Your observation that the NIV capitalises the word “Abyss” is interesting, because none of the other Bible translations I have looked at say “Abyss”. Instead, they refer to “the bottomless pit”. Examples:
Revelation 9:11 NWT: They have over them a king, the angel of the abyss. In Hebrew his name is Abaddon, but in Greek he has the name Apollyon.
Revelation 9:11 KJV: And they had a king over them, which is the angel of the bottomless pit, whose name in the Hebrew tongue is Abaddon, but in the Greek tongue hath his name Apollyon.
Revelation 9:11 ESV: They have as king over them the angel of the bottomless pit. His name in Hebrew is Abaddon, and in Greek he is called Apollyon.
Revelation 9:11 NLT: Their king is the angel from the bottomless pit; his name in Hebrew is Abaddon, and in Greek, Apollyon –the Destroyer. Notes: The king of the locusts is identified in three ways: (1) as the angel from the bottomless pit (probably different from the fallen star, in Revelation 9:1, who unlocked the abyss rather than coming from it); (2) as Abaddon (“destruction”), often paired with death (see Job 28:22; Psalm 88:11), and (3) as Apollyon – the destroyer (see 1 Corinthians 10:10). There is also a connection with the Roman emperor Domitian, whose patron god Apollo was symbolized by the locust.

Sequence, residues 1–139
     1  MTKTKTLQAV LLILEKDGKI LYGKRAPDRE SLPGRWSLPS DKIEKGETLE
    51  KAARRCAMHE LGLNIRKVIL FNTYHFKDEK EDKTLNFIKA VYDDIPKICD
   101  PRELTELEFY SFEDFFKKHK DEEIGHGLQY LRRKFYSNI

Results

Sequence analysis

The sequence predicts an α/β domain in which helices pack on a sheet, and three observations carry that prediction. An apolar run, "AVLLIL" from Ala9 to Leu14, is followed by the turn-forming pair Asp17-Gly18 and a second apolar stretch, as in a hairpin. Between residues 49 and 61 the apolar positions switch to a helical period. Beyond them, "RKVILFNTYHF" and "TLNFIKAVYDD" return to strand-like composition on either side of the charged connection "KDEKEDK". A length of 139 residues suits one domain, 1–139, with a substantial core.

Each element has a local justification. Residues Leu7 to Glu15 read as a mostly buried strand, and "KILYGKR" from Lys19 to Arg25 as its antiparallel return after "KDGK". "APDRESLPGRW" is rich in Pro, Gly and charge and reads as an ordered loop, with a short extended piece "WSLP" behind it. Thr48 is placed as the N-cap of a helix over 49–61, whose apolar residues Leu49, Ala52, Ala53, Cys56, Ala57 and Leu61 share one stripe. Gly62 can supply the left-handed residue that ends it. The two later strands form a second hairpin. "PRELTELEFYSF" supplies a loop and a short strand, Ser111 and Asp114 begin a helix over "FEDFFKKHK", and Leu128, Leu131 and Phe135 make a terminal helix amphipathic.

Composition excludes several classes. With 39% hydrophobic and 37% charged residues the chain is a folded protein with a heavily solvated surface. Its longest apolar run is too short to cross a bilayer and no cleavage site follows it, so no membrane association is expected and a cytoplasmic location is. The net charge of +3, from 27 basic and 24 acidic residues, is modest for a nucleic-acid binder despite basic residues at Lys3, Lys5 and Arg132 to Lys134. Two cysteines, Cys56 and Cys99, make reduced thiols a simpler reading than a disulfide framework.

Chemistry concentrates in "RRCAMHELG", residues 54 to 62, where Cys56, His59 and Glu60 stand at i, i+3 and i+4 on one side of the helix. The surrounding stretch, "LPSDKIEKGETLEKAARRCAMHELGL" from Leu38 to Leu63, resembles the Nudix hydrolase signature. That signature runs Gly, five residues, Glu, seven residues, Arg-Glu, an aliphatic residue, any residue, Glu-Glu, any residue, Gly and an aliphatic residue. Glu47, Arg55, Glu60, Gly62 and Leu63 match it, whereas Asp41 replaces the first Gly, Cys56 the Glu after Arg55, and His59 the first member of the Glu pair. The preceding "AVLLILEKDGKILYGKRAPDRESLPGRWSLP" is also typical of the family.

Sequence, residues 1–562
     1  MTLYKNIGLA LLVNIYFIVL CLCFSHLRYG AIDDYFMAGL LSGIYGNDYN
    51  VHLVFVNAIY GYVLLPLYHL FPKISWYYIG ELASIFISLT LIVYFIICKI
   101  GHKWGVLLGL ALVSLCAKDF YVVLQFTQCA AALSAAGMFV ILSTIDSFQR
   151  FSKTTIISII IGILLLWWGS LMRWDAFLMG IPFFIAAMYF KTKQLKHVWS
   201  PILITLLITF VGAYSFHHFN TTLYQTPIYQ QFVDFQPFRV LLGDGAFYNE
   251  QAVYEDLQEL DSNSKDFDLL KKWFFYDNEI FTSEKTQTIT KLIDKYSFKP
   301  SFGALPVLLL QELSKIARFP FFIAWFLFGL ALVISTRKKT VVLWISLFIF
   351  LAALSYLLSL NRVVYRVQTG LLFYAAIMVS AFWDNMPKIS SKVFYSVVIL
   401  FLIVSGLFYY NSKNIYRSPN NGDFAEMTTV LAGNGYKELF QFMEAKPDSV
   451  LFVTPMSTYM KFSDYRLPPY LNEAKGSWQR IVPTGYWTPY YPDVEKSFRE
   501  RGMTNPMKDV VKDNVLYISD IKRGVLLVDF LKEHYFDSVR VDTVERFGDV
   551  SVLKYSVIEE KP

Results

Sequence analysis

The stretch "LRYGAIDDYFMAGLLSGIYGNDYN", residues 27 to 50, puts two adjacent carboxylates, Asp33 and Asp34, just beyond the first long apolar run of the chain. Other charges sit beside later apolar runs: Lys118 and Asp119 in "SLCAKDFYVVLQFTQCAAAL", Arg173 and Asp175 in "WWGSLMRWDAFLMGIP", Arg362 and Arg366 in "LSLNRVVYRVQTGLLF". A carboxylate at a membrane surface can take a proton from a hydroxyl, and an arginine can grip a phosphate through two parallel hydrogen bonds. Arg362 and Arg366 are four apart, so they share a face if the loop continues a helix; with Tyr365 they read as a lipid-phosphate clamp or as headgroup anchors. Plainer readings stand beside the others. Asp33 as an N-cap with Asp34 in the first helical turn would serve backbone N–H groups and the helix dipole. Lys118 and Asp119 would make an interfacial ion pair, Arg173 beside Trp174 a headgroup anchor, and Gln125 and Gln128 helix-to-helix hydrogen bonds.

The NIV capitalises the name “Abyss” in Luke 8:31 and in the 8 places where the name appears in Revelation. In Romans 10:7 it uses the expression “the deep”.
The NWT uses the word “abyss” in Luke 8:31, Romans 10:7, Revelation 9:1, 11; 11:7; 17:8; and 20:3. The word is never capitalised.
The KJV uses the expression “the deep” in Luke 8:31 and in Romans 10:7. Elsewhere, in Revelation, the KJV uses the expression “the bottomless pit”.
Given that the NIV appears to be the only translation that capitalises the word “abyss” perhaps we need to find out why the NIV says “Abyss” when other translations say “the bottomless pit.”
As has already been pointed out, a person’s name (such as Abaddon, Apollyon, Domitian, Apollo) demands capitalisation. Places that are not proper nouns, such as “the bottomless pit” or “the deep” are written in lower-case. It therefore seems reasonable to apply that rule to “the abyss”.
Likewise, to say “the angel” is correct. If the Bible gives a name to an angel (for example, Michael or Gabriel) then it would still be correct to say “the angel Michael” or “the angel Gabriel” because there are millions of angels. Angels are not unique. But names are.
Why the NIV is the exception to that rule concerning "the abyss", I cannot say.